US & Canada

Desmond Ricks exonerated after 25 years in prison over wrong bullets

Desmond Ricks Image copyright Michigan Department of Corrections
Image caption "I have to move on," said Desmond Ricks outside court

US prosecutors have dropped all charges against a man who spent 25 years in prison for murder, amid allegations police had falsified evidence.

Desmond Ricks' lawyers say homicide detectives switched bullets in his mother's gun to pin a shooting on him.

He was convicted of gunning down a friend outside a restaurant in Detroit, Michigan, in March 1992, and sentenced to at least 32 years in prison.

Mr Ricks, 51, was released from prison last Friday.

Image copyright Michigan Innocence Clinic
Image caption Desmond Ricks heaved a sigh of relief after he was cleared

On Thursday, Wayne County prosecutor's office said Mr Ricks would not face a second trial.

"I hope you enjoy your newfound freedom," Judge Richard Skutt told the exonerated man, who heaved a sigh of relief.

Mr Ricks' case was championed by lawyers and students from the Innocence Clinic at the University of Michigan's law school.

They managed to get the investigation reopened in 2016 after pointing out that two bullets taken from the victim, Gerry Bennett, looked different from the rounds presented at trial.

Police investigators had maintained the bullets held up as key evidence were fired from Mr Ricks' mother's pistol.

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But a state police report last month established the bullets from the victim did not match the 38-calibre gun that belonged to Mr Ricks' mother.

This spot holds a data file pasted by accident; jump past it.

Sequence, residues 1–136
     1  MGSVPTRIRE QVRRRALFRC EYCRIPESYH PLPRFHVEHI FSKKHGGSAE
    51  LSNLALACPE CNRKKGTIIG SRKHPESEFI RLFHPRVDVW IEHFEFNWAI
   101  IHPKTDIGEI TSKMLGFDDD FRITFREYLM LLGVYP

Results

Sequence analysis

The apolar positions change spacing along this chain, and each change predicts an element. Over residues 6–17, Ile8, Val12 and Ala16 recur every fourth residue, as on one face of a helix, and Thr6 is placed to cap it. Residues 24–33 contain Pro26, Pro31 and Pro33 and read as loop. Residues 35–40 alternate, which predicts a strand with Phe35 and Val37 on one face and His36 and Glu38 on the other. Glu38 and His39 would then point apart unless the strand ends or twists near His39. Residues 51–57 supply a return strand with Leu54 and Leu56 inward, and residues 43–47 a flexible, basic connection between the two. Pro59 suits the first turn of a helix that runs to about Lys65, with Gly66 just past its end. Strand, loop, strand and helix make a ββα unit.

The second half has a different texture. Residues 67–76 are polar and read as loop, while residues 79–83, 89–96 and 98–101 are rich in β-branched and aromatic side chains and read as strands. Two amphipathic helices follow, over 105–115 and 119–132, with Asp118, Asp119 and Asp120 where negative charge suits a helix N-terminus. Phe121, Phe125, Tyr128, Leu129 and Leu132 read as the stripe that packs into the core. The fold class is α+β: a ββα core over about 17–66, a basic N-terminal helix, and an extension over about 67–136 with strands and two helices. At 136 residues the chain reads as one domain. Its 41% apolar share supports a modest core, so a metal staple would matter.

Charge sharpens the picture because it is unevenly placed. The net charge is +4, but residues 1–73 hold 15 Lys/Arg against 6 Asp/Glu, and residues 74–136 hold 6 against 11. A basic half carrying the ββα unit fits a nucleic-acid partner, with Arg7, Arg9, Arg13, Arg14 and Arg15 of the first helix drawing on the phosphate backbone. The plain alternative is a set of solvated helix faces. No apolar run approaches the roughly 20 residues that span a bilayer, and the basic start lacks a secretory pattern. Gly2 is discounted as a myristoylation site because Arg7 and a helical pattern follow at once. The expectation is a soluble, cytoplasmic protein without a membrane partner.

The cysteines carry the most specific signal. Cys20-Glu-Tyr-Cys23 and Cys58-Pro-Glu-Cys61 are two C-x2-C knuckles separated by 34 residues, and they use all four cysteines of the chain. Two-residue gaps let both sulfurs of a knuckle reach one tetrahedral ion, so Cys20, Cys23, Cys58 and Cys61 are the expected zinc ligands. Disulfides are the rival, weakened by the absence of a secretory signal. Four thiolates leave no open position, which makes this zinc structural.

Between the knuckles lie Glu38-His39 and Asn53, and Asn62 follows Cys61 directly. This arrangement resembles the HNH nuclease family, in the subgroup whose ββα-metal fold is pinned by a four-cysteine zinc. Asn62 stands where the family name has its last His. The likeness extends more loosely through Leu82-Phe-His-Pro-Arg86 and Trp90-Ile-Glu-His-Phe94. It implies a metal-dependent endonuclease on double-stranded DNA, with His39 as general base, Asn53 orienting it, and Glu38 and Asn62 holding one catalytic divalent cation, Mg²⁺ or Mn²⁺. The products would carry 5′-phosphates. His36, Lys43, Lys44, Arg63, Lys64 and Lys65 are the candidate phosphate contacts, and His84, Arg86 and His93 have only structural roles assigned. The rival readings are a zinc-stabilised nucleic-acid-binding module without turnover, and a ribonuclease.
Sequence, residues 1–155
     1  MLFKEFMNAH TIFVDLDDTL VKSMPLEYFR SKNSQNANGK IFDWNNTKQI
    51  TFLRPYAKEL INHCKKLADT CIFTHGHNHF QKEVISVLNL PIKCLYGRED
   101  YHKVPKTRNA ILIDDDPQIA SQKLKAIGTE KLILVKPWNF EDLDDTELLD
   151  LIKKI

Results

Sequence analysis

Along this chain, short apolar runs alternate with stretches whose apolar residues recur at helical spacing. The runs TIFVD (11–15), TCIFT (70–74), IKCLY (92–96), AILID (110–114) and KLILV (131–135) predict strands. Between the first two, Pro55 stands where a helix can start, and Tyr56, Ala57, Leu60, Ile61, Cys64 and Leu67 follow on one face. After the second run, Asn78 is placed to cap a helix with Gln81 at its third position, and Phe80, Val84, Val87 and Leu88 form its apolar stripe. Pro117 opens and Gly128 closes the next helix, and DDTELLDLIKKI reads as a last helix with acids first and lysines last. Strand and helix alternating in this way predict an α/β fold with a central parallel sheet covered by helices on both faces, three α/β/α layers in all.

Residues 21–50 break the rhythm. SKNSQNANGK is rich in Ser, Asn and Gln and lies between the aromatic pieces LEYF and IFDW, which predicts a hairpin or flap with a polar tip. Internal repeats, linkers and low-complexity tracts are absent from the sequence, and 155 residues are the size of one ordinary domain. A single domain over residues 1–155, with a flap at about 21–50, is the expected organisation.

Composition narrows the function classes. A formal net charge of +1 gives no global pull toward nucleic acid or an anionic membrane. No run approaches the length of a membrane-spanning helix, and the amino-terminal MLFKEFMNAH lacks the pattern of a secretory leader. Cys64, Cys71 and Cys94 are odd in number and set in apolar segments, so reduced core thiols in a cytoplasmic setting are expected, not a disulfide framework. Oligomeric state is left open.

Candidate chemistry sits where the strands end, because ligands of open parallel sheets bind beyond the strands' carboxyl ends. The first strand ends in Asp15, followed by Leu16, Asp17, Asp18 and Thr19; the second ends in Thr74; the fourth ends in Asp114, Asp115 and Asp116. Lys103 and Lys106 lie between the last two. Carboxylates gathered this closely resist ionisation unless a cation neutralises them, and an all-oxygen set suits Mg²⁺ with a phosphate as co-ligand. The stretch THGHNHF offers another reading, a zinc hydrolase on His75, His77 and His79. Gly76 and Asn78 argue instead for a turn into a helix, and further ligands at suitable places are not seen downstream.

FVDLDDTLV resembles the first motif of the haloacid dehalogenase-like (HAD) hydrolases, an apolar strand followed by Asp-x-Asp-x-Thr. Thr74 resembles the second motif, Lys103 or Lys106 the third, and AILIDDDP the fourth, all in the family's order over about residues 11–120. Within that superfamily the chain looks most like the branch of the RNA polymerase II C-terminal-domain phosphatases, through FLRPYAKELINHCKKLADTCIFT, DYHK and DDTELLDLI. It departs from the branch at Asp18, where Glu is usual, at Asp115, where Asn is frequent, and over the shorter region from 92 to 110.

"I've got no time to be bitter at anybody," Mr Ricks said outside Wayne Circuit Court after Thursday's hearing, reports the Detroit News.

"There's no excuse for what they did, but I have to move on. I just didn't want to die in prison.

"Now, I'm just trying to get some semblance of my life back. I just want to pay my taxes and be a good citizen."

Mr Ricks is expected to be compensated thanks to a new Michigan law that awards wrongly convicted prisoners $50,000 (£38,800) for each year spent in prison, which would make him eligible for $1.25m.

David Moran, director of the Innocence Clinic, said the police conduct was criminal, but no retired officers can be brought to justice because too much time has passed.

"If it happened once it would be very surprising if there's not a lot of other cases like it," he said.

The Detroit police gun laboratory that handled the case was shut down in 2008 because of errors in ballistic testing.

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